--   o_data_bit       :  ----------------------------------------------------------------ddddddddddddddddddddddddpppppppp----
--   o_valid_frame    :  ----------------------------------------------------------------10000000000000000000000000000000----
--   o_start_of_frame :  ----------------------------------------------------------------V0000000000000000000000000000000----
--
--    d = data bit, p = parity bit, V = generated 'frame valid' bit.
--
-- If no "valid frame" signal is required, then the latency can be reduced
-- by shortening (or even removing) the "corrected_(data|start)_shift registers
--
-- Resoruces (Xilinx Spartan 6):
--   Flipflops   : 32
--   LUTS        : 24
--
-------------------------------------------------------------------------------

library IEEE;
use IEEE.STD_LOGIC_1164.ALL;

entity bch_correction_32bit_frame is
Port ( clk              : in   STD_LOGIC;
i_data_bit       : in   STD_LOGIC;
i_start_of_frame : in   STD_LOGIC;
o_data_bit       : out  STD_LOGIC;
o_valid_frame    : out  STD_LOGIC;
o_start_of_frame : out  STD_LOGIC);
end bch_correction_32bit_frame;

architecture Behavioral of bch_correction_32bit_frame is
signal error_shift_reg           : std_logic_vector( 7 downto 0)  := (others => '0');
signal parity_shift_reg          : std_logic_vector( 7 downto 0)  := (others => '0');
signal original_data_shift_reg   : std_logic_vector(32 downto 0)  := (others => '0');
signal start_shift_reg           : std_logic_vector(32 downto 0)  := (others => '0');
signal corrected_data_shift_reg  : std_logic_vector(30 downto 0)  := (others => '0');
signal corrected_start_shift_reg : std_logic_vector(30 downto 0)  := (others => '0');
begin

process(clk)
begin
if rising_edge(clk) then
---------------------------------------------------------
-- Output the data - it is only balid when the 'error'
-- reg is either zero, or the 31st bit will be corrected
---------------------------------------------------------
if error_shift_reg = x"00" or error_shift_reg = x"4A" then
o_valid_frame    <= corrected_start_shift_reg(0);
else
o_valid_frame    <= '0';
end if;
o_data_bit       <= corrected_data_shift_reg(0);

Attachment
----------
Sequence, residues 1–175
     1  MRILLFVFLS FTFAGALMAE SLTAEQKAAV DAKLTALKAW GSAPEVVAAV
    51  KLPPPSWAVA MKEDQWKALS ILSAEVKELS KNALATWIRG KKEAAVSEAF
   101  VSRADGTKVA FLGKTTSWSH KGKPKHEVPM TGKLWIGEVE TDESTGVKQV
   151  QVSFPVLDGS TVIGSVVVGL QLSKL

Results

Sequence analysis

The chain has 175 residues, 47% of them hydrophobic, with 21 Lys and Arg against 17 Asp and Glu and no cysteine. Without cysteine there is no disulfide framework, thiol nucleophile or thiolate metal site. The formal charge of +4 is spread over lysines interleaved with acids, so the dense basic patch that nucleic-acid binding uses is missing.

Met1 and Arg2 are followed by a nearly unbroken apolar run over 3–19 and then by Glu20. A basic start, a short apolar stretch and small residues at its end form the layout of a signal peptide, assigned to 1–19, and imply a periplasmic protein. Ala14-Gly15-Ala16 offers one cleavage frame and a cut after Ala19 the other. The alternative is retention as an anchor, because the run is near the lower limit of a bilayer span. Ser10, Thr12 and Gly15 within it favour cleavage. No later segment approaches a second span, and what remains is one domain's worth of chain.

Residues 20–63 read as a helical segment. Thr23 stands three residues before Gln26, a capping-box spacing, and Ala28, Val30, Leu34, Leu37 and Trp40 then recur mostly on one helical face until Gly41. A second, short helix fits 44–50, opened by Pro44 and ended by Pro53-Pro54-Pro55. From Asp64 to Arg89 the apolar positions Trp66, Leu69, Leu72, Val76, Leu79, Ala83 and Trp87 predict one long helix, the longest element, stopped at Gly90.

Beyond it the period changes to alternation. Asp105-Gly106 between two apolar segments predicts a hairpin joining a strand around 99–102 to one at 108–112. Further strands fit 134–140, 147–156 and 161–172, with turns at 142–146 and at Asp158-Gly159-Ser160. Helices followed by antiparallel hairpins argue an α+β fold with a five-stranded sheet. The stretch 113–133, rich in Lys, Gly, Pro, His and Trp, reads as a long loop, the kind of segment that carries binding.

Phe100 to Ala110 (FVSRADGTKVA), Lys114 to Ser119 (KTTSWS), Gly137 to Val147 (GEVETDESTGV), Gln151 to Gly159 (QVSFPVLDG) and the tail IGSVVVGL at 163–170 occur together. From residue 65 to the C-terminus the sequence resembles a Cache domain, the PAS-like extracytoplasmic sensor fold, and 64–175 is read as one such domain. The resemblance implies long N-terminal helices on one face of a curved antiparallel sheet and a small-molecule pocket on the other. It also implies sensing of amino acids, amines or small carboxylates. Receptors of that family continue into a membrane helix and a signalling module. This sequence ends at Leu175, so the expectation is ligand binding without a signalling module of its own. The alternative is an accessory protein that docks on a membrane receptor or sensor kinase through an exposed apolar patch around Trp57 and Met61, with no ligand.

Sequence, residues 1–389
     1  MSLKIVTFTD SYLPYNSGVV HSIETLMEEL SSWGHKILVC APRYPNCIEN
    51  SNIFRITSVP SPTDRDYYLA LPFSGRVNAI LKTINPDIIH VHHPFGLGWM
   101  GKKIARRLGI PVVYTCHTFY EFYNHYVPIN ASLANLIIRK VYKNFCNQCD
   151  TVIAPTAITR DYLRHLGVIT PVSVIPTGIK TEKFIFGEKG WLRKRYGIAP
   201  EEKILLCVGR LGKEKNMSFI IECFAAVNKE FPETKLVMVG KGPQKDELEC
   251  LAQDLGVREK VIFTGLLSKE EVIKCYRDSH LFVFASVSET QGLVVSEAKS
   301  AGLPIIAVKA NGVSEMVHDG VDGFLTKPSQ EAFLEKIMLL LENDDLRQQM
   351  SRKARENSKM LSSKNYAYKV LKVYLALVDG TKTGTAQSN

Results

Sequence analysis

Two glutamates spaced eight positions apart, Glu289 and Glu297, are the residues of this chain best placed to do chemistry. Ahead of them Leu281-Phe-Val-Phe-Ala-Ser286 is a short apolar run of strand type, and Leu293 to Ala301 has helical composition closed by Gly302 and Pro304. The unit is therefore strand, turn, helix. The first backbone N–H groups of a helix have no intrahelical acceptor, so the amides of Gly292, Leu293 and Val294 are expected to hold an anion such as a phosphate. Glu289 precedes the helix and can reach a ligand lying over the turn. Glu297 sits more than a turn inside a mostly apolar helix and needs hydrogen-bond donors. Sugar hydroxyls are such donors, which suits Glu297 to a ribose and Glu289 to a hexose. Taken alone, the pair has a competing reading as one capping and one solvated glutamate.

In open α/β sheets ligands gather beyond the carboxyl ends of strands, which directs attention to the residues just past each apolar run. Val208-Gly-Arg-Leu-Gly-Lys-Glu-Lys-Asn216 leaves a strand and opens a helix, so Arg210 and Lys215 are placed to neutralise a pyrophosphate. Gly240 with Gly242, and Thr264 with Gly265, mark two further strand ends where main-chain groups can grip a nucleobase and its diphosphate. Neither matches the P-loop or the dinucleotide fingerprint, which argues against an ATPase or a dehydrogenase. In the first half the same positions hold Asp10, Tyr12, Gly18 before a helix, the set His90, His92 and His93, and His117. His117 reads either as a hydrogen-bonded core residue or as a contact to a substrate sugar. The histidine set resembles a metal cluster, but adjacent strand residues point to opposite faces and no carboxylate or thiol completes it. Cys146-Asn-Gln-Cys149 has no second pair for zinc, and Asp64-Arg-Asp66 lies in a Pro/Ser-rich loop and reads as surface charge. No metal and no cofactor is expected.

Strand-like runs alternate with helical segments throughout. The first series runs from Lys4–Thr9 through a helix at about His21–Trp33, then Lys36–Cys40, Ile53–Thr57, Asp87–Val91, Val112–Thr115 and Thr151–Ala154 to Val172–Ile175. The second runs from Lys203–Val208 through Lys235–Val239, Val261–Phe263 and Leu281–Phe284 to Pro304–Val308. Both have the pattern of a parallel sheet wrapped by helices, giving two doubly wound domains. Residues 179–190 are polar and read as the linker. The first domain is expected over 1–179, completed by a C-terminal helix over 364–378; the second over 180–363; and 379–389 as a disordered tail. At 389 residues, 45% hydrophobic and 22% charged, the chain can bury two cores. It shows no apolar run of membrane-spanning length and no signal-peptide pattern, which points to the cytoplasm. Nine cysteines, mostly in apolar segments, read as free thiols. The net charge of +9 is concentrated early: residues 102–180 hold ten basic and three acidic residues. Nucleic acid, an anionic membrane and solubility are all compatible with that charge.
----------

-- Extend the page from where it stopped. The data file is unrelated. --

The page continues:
o_start_of_frame <= corrected_start_shift_reg(0);

---------------------------------------------------------
-- Where the error correction actually happens
---------------------------------------------------------
if error_shift_reg = x"4A" then
corrected_data_shift_reg <= (not original_data_shift_reg(0)) & corrected_data_shift_reg(corrected_data_shift_reg'high downto 1);
error_shift_reg <= (others => '0');
else
corrected_data_shift_reg <= original_data_shift_reg(0) & corrected_data_shift_reg(corrected_data_shift_reg'high downto 1);

---------------------------------------------------------
-- Reversing the encoding LFSR one bit
---------------------------------------------------------
if error_shift_reg(0) = '1' then
error_shift_reg <= ("0" & error_shift_reg(7 downto 1)) XOR x"83";
else
error_shift_reg <= "0" & error_shift_reg(7 downto 1);
end if;
end if;
corrected_start_shift_reg <= start_shift_reg(0) & corrected_start_shift_reg(corrected_start_shift_reg'high downto 1);

-----------------------------------------------------------------------
-- Have we seen enough data that we can calculate the parity error?
-----------------------------------------------------------------------
if start_shift_reg(start_shift_reg'high-31) = '1' then
error_shift_reg <= parity_shift_reg xor original_data_shift_reg(original_data_shift_reg'high downto original_data_shift_reg'high-7);
end if;

-----------------------------------------------------------------------
-- Calculating the parity of the incoming data, but use bits that are
-- seven bits old
-----------------------------------------------------------------------
if start_shift_reg(start_shift_reg'high-7) = '1' then
-- Startng a new parity calculation
if original_data_shift_reg(original_data_shift_reg'high-7) = '1' then
parity_shift_reg <= x"83";
else
parity_shift_reg <= x"00";
end if;
else
-- Adding the next bit into the current parity calculations
if (original_data_shift_reg(original_data_shift_reg'high-7) xor parity_shift_reg(0))  = '1' then
parity_shift_reg <= ("0" & parity_shift_reg(7 downto 1)) XOR x"83";
else
parity_shift_reg <= ("0" & parity_shift_reg(7 downto 1));
end if;
end if;
-----------------------------------------------------------------------
-- Moving data through the shift registers
-----------------------------------------------------------------------
original_data_shift_reg  <= i_data_bit       & original_data_shift_reg(original_data_shift_reg 'high downto 1);
start_shift_reg          <= i_start_of_frame & start_shift_reg(start_shift_reg 'high downto 1);
end if;
end process;
end Behavioral;

```

### bch_correction_64bit_frame.vhd

I also need to code the ECC process for the 64-bit data frames, that are received two bits at a time.